nyc educator Archives - The Jose Vilson

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Short Notes: With Tears and Cheers

by Jose Vilson on July 7, 2013

in Short Notes

Mona Eltahawy

Mona Eltahawy

A few notes:

  • Edutopia highlights five, count em, FIVE books I think you should read. Just go. Read em if you haven’t already. [Edutopia]
  • When discussing the path of citizenship, this is what really matters. Five fifths human. [Los Angeles Times]
  • The New York Times editorial board thinks there should be changes made to the way we treat schools in New York City, but don’t propose anything that takes it too far from where Bloomberg took it. [New York Times]
  • NYC Educator reluctantly endorses Bill Thompson. The jury is still out for me, but my vote could swing the mayoral race like 20 percentage points. I better get on this. [NYC Educator]
  • Dear Common Core dissenters: you might want to take a look at what this website’s saying about the CCSS and Black students. Especially #4 and #2. I’d rather not get confused with this group. [Central Illinois and Beyond]
  • These 33 teachers who got the last laugh cracked me the hell up. Buzzfeed wins again. [Buzzfeed]

Quotable:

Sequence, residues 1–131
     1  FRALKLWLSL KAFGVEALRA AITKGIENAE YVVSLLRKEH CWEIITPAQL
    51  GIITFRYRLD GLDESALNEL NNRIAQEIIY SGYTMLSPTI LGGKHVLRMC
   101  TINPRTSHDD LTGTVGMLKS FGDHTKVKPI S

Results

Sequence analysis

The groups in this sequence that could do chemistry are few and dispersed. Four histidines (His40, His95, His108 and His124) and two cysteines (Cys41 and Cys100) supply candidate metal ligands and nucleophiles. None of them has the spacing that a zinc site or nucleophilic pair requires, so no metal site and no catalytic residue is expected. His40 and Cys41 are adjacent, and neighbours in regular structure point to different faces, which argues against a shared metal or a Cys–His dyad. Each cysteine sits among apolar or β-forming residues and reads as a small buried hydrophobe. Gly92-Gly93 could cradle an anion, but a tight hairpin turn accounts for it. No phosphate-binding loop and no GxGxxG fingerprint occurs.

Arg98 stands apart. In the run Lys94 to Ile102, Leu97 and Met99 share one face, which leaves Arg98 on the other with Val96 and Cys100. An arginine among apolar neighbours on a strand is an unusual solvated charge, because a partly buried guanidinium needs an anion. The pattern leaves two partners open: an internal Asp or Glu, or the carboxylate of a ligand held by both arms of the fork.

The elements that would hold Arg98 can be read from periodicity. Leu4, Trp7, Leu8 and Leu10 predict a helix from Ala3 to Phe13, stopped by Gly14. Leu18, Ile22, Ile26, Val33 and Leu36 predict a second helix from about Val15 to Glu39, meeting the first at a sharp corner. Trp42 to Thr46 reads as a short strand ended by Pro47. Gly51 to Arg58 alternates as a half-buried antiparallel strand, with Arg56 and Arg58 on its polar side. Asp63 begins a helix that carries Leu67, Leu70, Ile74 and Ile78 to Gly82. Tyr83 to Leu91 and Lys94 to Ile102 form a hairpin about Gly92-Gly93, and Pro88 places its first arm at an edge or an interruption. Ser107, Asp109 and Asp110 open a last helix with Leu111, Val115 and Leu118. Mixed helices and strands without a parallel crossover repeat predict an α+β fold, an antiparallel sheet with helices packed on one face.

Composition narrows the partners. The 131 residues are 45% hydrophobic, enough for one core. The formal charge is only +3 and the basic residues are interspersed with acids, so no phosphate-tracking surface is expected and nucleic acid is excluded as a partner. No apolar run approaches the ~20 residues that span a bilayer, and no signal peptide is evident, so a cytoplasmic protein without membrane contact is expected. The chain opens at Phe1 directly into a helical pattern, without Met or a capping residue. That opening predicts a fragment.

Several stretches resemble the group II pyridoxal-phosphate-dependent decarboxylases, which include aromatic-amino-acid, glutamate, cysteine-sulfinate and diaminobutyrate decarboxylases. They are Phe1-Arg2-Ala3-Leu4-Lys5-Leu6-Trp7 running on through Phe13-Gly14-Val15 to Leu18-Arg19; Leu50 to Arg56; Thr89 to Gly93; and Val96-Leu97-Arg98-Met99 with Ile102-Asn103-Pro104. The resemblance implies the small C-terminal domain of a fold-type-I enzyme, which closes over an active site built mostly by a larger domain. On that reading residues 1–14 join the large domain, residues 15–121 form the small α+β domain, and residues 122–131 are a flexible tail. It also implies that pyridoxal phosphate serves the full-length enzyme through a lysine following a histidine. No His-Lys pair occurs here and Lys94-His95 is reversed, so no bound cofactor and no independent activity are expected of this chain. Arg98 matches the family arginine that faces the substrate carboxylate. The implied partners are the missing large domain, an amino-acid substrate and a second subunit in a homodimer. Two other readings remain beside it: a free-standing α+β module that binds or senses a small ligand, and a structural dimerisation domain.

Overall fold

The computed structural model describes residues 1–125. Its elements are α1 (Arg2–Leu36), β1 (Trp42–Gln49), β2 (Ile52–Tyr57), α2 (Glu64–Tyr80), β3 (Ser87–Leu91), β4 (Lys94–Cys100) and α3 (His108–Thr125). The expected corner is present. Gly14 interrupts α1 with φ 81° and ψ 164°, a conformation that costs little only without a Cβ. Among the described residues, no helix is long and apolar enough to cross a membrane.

When I talk about the Muslim Brotherhood in the U.S., I like to compare them to what I call the Christian Brotherhood in the U.S. — and this is the religious right and conservative men in this country who are successfully trying to roll back reproductive rights. I always bring up Wendy Davis and what happened in Texas. And I say that Governor Rick Perry is an example of the Christian Brotherhood in this country. What they have in common is, the religious right — and especially the men in the religious right — are obsessed with our vaginas. And I would say stay away from my vagina unless I want you in there. I bring Wendy Davis in Texas in because it doesn’t help to say “over there” and “over here.” We have to look at women’s rights, and the successive fights toward reproductive rights — the Beijing platform from 1995, I was in Beijing at the global conference: If we had a global conference today, we would not achieve a third of what we achieved in Beijing because of this brand of conservatism, especially regarding reproductive rights.

- Mona Eltahawy in Aspen Ideas Fest 2013, when asked a question about women’s reproductive rights in the United States